I have, stashed somewhere, a short rattan cane, three canes in fact. I acquired them from a stick fighter who gave me, my son and daughter, instruction in arnis, a native martial art. The three of us actually did three or four months of training, and then, as often happens, turned to other preoccupations and forgot about the fighting sticks. Not too long ago, amidst rumors of a rabid dog prowling the streets of our village, I turned the house upside down looking for them, in vain.
I mention this because, of late, I have fancied owning and using a walking stick. Lest anyone take this a sign of age, I believe I still have lusty legs and, if tempted, will run upwards of five miles, okay, three miles. I just find the idea of walking with a stick attractive, perhaps in the same way that I relish listening to Italian madrigals.
In fact, at one time, no one ever thought of leaving the house without a walking stick, and not just because of stray dogs with needle-sharp fangs. The bumpy terrain called for something to balance and support one with, and if the path coursed through weeds and trees, and damp, suspicious grounds, nothing could beat a staff in clearing away the cobwebs and nettles, and testing the trustworthiness of the earth.
I imagine that likewise the old-timer would keep a stick around in aid of outdoor dreams. Sleep could catch up with him during a trek to the mountains, and, finding a suitable seat of rock or log, he could take a snooze without falling on his mug if he but held on to the stick put in place before him, although, as to the dreams, the staff could not give him any assurance.
This I take for granted, that in Jesus’ time the use of the stick was usual, if not compulsory. Mark writes that when Jesus sent the Twelve out two by two, he allowed them to have, aside from the shirt on their backs, only two things – sandals and a walking stick. Just these – not even food or sack or money in their belts.
But they could stay wherever a welcome awaited them, wherefrom they could preach repentance, drive out demons and heal the sick by anointing them with oil. And if the people turned them away or refused to listen to them, Jesus directed them to leave without delay and “shake the dust off your feet in testimony against them.”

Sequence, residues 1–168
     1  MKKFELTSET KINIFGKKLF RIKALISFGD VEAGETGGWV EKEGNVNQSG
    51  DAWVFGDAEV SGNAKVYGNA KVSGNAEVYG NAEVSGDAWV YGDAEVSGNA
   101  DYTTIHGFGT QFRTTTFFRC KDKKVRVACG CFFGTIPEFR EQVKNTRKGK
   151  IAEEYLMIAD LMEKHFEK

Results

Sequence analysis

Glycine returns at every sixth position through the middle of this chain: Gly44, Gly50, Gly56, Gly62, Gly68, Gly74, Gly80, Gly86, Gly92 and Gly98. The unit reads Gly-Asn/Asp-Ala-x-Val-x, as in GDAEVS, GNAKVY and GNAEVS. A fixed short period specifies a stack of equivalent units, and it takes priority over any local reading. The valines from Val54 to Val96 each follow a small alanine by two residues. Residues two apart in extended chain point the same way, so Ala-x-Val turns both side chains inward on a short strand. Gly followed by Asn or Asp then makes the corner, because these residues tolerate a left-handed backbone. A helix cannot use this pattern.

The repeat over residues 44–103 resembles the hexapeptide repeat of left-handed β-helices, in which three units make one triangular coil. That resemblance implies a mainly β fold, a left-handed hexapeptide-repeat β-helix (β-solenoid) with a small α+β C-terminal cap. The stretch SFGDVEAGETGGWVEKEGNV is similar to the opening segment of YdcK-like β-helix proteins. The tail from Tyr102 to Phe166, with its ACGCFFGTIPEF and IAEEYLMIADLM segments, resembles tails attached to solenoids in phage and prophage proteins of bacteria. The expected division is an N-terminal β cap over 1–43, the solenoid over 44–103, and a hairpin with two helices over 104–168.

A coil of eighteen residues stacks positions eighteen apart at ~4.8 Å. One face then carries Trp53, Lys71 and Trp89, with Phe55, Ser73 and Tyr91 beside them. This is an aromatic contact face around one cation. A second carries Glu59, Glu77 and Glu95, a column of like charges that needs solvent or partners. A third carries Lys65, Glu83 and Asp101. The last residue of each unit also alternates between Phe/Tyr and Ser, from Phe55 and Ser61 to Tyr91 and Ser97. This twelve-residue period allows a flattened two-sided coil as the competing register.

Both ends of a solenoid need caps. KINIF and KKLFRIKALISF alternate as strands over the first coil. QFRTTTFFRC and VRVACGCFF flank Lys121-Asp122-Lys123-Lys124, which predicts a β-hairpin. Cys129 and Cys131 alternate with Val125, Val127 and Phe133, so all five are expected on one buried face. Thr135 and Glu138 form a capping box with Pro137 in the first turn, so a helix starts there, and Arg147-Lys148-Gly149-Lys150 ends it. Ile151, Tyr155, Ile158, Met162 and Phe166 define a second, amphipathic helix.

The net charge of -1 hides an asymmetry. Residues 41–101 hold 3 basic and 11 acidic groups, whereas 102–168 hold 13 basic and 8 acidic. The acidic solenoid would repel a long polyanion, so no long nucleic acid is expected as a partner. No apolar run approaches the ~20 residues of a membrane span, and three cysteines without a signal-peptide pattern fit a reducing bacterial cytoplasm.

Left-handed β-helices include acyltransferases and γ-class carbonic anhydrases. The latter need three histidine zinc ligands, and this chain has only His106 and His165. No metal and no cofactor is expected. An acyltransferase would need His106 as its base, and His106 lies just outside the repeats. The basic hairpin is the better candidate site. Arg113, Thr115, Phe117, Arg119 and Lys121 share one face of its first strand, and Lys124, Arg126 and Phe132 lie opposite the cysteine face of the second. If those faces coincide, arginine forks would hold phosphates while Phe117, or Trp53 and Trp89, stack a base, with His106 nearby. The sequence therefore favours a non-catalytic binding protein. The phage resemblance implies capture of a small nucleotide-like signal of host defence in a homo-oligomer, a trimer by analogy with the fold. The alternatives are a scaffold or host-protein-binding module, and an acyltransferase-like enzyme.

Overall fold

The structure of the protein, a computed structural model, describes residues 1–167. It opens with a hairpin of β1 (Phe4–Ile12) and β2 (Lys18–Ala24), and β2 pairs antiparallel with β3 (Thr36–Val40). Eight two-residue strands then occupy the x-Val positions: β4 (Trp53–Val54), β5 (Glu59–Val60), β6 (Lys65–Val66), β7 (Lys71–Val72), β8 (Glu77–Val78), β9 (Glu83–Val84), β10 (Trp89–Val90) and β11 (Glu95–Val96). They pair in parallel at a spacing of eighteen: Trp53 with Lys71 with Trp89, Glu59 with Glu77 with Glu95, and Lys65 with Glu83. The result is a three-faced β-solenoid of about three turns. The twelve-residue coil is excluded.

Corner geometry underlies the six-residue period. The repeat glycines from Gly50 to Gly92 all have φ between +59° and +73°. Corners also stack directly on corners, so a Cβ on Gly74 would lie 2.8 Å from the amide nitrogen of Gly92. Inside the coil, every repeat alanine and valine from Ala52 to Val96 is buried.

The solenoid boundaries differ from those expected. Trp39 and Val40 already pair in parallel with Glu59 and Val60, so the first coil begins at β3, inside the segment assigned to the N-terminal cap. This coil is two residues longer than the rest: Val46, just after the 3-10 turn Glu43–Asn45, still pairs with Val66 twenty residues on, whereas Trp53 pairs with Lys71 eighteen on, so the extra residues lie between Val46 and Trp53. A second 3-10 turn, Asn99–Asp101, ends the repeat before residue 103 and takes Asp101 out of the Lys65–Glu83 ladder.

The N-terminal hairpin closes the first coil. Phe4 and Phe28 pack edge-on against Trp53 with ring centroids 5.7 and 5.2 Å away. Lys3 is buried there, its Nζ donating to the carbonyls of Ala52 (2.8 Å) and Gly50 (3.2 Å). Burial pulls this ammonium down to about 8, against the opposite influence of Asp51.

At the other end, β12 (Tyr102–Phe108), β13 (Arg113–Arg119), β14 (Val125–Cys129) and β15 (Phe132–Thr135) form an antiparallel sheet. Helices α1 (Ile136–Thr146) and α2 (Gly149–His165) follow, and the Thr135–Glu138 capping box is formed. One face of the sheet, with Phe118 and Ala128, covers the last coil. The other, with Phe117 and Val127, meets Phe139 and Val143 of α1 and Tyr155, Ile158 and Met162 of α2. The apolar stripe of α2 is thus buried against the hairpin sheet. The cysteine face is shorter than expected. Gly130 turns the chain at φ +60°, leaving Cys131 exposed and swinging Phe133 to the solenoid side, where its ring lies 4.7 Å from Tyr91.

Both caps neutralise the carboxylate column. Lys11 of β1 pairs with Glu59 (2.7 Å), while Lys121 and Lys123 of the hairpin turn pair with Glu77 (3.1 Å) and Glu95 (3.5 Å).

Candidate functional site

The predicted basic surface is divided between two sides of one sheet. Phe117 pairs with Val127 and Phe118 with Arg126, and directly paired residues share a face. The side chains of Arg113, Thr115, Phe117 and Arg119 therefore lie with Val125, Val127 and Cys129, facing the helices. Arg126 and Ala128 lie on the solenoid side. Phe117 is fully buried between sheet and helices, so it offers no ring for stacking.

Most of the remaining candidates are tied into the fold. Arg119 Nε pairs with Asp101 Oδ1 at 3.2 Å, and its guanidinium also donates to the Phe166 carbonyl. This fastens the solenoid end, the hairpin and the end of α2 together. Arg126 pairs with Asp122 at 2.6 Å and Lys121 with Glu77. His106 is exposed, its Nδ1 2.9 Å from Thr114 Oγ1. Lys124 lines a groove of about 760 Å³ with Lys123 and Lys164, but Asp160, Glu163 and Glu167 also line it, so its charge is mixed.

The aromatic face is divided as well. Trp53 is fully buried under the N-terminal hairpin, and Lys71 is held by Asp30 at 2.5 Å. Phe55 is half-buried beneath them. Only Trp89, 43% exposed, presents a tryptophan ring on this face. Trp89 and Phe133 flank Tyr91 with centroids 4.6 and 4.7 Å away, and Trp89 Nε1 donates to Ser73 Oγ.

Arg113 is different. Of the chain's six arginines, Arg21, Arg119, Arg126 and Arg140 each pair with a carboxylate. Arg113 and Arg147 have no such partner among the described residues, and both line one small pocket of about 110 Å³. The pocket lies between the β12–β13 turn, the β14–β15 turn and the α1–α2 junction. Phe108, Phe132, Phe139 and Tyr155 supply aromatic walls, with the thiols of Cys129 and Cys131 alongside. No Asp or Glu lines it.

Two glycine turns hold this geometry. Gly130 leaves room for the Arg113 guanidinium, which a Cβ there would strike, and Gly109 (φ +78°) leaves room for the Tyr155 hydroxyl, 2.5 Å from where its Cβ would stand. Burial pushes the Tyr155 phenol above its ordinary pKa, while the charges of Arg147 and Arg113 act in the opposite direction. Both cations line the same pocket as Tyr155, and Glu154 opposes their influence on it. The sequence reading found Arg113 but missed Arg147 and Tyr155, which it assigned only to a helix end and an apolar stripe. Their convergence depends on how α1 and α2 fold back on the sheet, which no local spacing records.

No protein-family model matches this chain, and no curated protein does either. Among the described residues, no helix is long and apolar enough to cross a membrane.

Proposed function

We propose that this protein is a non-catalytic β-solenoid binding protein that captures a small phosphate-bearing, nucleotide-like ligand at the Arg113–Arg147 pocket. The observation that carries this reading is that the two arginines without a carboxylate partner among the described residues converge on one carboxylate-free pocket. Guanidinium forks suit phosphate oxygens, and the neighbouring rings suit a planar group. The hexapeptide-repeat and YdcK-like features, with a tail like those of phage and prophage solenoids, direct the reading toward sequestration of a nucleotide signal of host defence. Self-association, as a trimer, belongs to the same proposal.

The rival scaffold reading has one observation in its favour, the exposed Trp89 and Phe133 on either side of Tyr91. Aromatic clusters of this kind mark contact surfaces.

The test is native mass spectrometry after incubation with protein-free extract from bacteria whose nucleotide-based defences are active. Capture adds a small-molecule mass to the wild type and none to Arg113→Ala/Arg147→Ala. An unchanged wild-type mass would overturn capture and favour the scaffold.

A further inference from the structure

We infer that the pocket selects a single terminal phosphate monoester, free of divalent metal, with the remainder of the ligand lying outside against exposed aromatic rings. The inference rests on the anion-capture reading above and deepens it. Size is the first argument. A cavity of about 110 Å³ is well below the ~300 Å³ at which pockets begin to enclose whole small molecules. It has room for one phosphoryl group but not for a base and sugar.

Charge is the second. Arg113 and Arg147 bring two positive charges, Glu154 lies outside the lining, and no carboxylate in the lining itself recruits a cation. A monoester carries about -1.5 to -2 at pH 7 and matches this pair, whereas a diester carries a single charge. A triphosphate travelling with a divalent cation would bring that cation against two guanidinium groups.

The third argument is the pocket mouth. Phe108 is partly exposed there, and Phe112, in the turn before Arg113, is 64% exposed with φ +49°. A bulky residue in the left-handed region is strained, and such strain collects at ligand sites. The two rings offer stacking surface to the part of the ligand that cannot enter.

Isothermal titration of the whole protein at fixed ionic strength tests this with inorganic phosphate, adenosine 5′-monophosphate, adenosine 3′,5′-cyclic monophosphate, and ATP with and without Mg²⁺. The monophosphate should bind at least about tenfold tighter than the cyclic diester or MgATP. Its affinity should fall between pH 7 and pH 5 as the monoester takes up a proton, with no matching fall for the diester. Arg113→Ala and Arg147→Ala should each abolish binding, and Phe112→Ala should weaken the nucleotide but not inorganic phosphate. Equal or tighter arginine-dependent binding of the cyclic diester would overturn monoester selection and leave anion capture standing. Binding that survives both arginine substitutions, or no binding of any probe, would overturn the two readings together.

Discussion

What kind of stick did they have? I could only guess, not being a rabologist or scripture scholar or both. Perhaps fashioned out of felled wood. The apostles were no fops and so went for whatever rod had enough strength and a smooth grip.
Surely, in telling the Twelve that they could have a staff or rod with them, Jesus wanted to evoke the protecting and consoling companionship of God conveyed by these lines from Psalm 23:
Even though I walk through the valley of the shadow of death,
I will fear no evil, for you are with me;
your rod and your staff comfort me.
Acting on a hunch, I searched eBay for whatever walking sticks it offered, and found quite a number of various materials and styles – tube, collapsible, folding, with stool chair, with umbrella; made of metal, cane or wood (ebony, hazel, blackthorn), of deer antler. There was even a Steven Seagal Ten Shin walking stick.
In the end, I found no need to order any of these sticks, whether online or off. Did I not say that I had three rattan canes stowed away somewhere? I know that, like most lost things, they will resurface in their time. Besides, my muscles, bones and sinews still in good commission, I may not need a walking stick after all. Or perhaps I do – in the other sense that Jesus meant when he allowed the Twelve to have a staff, in the sense that their walking stick was really the Lord himself, in whose name they would have power – to preach, to cast out demons, and to heal.
As to sandals, I have a pair of Birkenstock, a gift from my son.
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